KABUL (AFP) - Afghan President Ashraf Ghani on Wednesday (Feb 28) unveiled a plan to open peace talks with the Taleban, including eventually recognising them as a political party, days after the militants called for direct negotiations with the US.
Civilian casualties have soared in recent months as the Taleban increasingly targets towns and cities in response to a new and more aggressive US military policy ordered by President Donald Trump.
Ghani disclosed the framework at a regional conference in Kabul on bringing peace to his country. He called for a truce, after which the Taleban could become a political party and contest elections.
"A ceasefire should be held, the Taleban should be recognised as a political party and trust-building process should be initiated," said Ghani, in remarks similar to past offers.
"Now the decision is in your hands, accept peace... and let's bring stability to this country," he added.
In return, Ghani said the militants should officially recognise the Afghan government and the Constitution, a perennial sticking point in past attempts to open talks.
On Monday, the Taleban said it was prepared to enter direct talks with the United States to find a "peaceful solution" to more than 16 years of war.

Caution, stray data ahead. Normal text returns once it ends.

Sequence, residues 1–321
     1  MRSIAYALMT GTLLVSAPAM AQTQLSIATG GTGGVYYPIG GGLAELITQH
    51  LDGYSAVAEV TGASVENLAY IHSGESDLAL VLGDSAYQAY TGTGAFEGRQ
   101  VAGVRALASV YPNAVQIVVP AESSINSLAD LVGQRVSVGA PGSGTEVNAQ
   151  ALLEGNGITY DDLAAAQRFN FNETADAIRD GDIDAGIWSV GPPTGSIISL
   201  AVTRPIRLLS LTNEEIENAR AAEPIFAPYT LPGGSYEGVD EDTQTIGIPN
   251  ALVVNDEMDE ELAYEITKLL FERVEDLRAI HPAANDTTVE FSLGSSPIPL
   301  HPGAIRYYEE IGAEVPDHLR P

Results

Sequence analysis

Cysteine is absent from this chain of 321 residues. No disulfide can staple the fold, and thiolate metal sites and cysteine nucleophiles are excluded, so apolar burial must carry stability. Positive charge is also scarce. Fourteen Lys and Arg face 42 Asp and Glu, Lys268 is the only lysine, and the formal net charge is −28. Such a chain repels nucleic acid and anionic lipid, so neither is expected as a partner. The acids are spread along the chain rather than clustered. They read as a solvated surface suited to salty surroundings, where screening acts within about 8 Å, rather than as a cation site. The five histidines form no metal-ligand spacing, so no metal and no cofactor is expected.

Its statement, however, made no mention of negotiating with the Afghan government - a condition which the US has long stated was vital to any peace process.
Pakistani journalist and Taleban expert Rahimullah Yusufzai said the insurgents' leadership remained committed to the US-only position, but others in the movement were less dogmatic about talking with Kabul.
"There are some people among the Taleban who believe that they will have to negotiate with the Afghan government," said Yusufzai.
He added that the militants have suffered heavy casualties under the new US strategy of increased airstrikes and commando raids.
Despite the losses, Yusufzai said the group would continue the insurgency. "They derive their power from their ability to keep fighting," he said.
Kabul is hosting the second round of the peace conference at which representatives from 25 countries will discuss counter-terrorism and conflict resolution strategies. US officials have described the current situation in the war as a stalemate.